How to Remove Moss From Your Roof

Newer homeowners may not realize that a home’s roofing system isn’t something that can be left alone without maintenance or regular upkeep.  A general assumption is that roofs and shingles are hardy and can withstand years of being unmonitored until they hit the end of their estimated lifespan of fifteen or twenty years.

Although it would be nice to “set it and forget it”, it’s simply not the case, no matter how durable roofs are made to be.  Roofs should be inspected annually and even between these professional inspections, they can suffer from missing or uprooted shingles, damages to the underlayment, bowing from ice dams, and most commonly, have moss or algae growth that can lead to further damage.

moss covered roof

Make Your Own Moss Remover

Moss can be removed with chemicals you probably already have in your home.  To make an effective moss remover solution, mix one-quart chlorine bleach with one gallon of water and a ¼ cup of heavy-duty cleaner like trisodium phosphate.  Avoid using ammonia-based cleaners because you’re mixing with bleach and this can create toxic fumes.

Spray the solution all over the affected areas of your roof while sticking to the general roof and chemical safety guidelines.  Be smart—wear protective gloves, have a friend spot you from the ground if you’re using a ladder, only work in good weather, and be mindful of the solution’s runoff to your garden beds.

Ready-Mixed Cleaners

Want to skip the mess and time of concocting your own mixture to clean off moss?  There are plenty of ready-made cleaners you can pick up at stores like Walmart, Lowes, Home Depot, Ace Hardware, or online.

Products like Wet and Forget Liquid Mold Remover and Bio-Advanced Moss and Algae Killer come pre-mixed so all you have to do is hook them up to your hose and spray away.  Some products don’t require any rinsing afterward. 

Follow all of the suggested safety instructions, just as you would with a cleaning solution you’ve made yourself.  These are powerful products designed to kill moss and algae growth.  You’ll need gloves and, in some cases, tarps to protect your surrounding landscaping.  Be sure to follow all manufacturer instructions while applying ready-mixed cleaners to remove moss.

Scrub the Shingles

Whatever cleaner you’ve decided to use, you’ll need to scrub the shingles because moss growth can be rather stubborn.  The cleaner will kill the moss, but you’ll still need to work to physically uproot it from your shingles.

You can use a basic scrub brush but it’s probably better to use a brush designed for roofs as they’re made with long handles so they can reach from ground level.  The more you can stay off of the roof, the better, especially once the roof has been doused with the cleaning solution and rinsed off.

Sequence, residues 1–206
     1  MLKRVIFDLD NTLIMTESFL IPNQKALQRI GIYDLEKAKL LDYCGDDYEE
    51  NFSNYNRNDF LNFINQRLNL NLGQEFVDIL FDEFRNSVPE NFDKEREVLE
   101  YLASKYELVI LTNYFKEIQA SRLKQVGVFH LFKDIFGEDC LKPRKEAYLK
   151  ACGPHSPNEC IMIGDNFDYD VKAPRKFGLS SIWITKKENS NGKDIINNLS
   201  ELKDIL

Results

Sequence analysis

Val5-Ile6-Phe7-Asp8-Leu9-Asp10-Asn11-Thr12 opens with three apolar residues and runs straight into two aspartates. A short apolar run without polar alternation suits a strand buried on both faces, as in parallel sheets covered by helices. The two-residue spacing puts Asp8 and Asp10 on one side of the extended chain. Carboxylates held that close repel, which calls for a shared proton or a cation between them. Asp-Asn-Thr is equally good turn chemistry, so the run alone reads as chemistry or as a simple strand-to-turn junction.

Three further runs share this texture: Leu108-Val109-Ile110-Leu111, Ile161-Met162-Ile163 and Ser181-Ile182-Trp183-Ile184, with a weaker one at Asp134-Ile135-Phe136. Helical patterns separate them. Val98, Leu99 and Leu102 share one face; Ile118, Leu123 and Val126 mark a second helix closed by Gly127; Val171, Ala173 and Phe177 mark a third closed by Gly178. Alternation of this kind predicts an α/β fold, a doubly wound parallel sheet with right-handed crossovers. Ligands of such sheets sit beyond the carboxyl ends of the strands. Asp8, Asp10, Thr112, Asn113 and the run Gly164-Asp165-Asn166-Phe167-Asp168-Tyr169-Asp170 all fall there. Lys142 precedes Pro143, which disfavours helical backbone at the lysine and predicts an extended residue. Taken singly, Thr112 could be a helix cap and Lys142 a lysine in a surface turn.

Pressure Washing

Sometimes, moss growth can be so stubborn that it doesn’t want to come off with the standard clean-rinse-scrub method.  If that’s the case, you can opt to try pressure washing, however, this is something you may want to avoid undertaking on your own.  Inexperienced homeowners can easily damage roofing systems with a pressure washer.  Shingles can become damaged and moisture can seep into the roofing system, compounding the problems and leading to expensive repairs.

a man cleaning moss off his roof

No matter where you live, you should be able to find a professional pressure-washing company to do the job for you.  Variables that play into the cost of pressure washing include the cost of labor where you live, the size of your roof, the pitch of your roof, and how much time and effort it takes the company to remove the moss.  In the grand scheme of things, paying for a professional pressure washing company to remove the mold is a small price compared to the time and energy of doing it yourself, not to mention the potential damage you could inflict on your roof.

Preventing Moss Growth

Once you’ve successfully removed the moss from your roof, it’s time to think about prevention so you can avoid having to do the dirty work of removing it again.

Moss grows in areas on the roof that lack sun exposure.  Moss loves the cool shade and moisture, and by eliminating overhanging trees that provide this coverage, you can therefore stop moss from growing on your roof.  Trim back trees that hang over your roof.

Next, tackle any excess moisture that could be responsible for feeding the moss growth.  Do this by keeping your gutters free and clear of debris and removing any leaves, branches, or any other debris that clutters your roof and could collect water runoff.

At Feldco, we provide a breakthrough design and triple-layer protection to keep your roof healthy for whatever mother nature decides to throw at it. On top of that, we have factory-trained installers that are ready to install asphalt shingles with the correct precision. Get a free quote today to start your project.

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